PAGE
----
Analyzing Humanity in 'Othello': The Reason Why it is Still Worth Studying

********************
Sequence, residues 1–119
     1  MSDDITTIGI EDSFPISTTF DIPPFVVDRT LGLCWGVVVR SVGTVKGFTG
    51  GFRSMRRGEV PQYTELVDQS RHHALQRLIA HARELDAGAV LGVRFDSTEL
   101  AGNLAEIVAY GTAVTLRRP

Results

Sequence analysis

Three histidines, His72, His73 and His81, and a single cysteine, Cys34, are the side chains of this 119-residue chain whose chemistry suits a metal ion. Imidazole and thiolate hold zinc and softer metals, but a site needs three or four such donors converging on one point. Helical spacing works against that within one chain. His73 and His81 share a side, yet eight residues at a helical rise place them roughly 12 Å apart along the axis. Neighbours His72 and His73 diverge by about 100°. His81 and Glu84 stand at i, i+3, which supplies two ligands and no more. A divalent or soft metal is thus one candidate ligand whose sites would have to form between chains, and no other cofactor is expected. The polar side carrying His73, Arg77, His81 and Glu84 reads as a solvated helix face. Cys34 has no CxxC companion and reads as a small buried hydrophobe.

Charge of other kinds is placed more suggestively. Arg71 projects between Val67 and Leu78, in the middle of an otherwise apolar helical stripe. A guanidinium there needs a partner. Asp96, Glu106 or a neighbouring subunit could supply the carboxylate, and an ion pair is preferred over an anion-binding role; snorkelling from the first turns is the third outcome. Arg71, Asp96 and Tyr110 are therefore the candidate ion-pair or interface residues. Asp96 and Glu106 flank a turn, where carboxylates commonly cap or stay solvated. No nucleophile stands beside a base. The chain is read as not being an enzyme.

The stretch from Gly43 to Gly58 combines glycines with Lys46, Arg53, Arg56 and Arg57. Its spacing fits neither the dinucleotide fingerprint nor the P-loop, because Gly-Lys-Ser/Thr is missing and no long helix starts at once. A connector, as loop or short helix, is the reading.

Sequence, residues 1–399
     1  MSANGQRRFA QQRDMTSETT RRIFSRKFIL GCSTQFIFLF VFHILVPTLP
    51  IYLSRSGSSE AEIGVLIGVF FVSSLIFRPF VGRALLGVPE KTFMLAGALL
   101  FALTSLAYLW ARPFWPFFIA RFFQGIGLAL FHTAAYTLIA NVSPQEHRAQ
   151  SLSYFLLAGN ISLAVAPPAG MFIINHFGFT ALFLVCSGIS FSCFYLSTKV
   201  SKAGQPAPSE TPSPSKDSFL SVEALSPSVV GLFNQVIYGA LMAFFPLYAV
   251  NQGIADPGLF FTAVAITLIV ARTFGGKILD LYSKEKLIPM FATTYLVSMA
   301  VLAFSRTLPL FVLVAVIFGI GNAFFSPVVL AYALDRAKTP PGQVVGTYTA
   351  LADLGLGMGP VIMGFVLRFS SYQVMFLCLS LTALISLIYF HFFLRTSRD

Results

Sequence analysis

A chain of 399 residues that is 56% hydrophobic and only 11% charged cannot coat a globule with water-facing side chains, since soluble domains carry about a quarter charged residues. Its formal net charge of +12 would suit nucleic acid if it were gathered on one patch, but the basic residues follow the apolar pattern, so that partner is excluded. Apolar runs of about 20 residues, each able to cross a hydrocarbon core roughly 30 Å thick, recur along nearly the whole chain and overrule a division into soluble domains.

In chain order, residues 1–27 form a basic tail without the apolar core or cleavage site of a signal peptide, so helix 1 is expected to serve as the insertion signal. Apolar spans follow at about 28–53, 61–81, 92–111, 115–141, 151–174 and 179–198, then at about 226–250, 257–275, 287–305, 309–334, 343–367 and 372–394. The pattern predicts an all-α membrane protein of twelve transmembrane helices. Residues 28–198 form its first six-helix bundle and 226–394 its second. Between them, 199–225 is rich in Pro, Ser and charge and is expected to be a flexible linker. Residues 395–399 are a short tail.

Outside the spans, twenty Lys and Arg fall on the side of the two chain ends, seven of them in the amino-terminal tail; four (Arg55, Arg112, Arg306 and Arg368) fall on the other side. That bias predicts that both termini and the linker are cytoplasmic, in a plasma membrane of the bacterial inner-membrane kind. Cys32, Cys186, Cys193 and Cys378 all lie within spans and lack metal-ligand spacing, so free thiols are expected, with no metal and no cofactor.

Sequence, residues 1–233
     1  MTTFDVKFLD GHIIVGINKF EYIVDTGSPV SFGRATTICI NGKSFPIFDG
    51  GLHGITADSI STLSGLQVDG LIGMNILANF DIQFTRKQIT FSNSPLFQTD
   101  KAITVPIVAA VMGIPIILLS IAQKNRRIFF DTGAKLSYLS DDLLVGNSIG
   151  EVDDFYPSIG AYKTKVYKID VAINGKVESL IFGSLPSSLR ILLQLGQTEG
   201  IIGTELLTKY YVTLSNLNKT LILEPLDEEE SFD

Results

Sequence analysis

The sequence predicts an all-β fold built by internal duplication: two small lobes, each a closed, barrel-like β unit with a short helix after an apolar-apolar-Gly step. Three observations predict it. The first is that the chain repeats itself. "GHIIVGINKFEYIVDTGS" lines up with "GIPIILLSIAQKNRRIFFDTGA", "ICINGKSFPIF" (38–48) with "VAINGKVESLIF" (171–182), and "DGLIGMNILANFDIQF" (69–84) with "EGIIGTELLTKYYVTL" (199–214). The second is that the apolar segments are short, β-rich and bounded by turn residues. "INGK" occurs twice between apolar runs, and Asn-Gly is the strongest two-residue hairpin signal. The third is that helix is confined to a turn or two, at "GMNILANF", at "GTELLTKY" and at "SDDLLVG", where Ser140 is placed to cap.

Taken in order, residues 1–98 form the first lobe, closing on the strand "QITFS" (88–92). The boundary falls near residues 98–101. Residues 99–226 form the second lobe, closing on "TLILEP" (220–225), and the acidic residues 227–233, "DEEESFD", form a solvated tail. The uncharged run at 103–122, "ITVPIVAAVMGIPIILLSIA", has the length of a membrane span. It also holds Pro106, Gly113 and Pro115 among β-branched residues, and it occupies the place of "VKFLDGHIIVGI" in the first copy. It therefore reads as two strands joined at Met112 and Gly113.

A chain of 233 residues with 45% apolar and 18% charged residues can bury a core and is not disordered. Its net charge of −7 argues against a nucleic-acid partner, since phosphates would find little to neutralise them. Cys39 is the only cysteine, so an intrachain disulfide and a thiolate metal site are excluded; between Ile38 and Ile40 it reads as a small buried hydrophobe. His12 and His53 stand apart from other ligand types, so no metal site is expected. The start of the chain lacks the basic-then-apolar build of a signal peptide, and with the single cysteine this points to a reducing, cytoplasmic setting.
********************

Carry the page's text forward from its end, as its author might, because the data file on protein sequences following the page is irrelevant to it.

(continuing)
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Humanity in Othello: The Reason It is Still Worth Studying Dr. David Allen White of the US Naval Academy asserts that "we are all Iago now" (White 2000). The claim may seem outlandish at first. Modern man representative of Shakespeare's greatest arch-villain? How could one even suggest such a thing? White's argument is followed by a series of points, each of which is aimed to help his audience realize that the character they most readily identify with is not Othello (the tragic hero of the drama) but Iago (both the driving comedic force behind the play and the driving antagonist). The reason White is able to make such a claim is that Iago, for all his treachery, is still one of Shakespeare's most human characters: he is brilliantly witty, outrageously funny, a rhetorical genius, possessed of petty jealousies which he insists on acting upon, full of pride, which he will cling to even if it means his own destruction, and most importantly an admitted schizoid "I am not what I am" (1.1.71) and a professed self-serving, self-idolater: "In following him, I follow but myself" (1.1.64). This speech will use the character of Iago as a launching point for a greater discussion on why it is that Shakespeare's Othello has stood the test of time and is still worthy studying today. I make the claim that it has done so and is so because of its incomparable ability to represent what it is to be human a representation very dear to us who live in a world that appears to be in most constant
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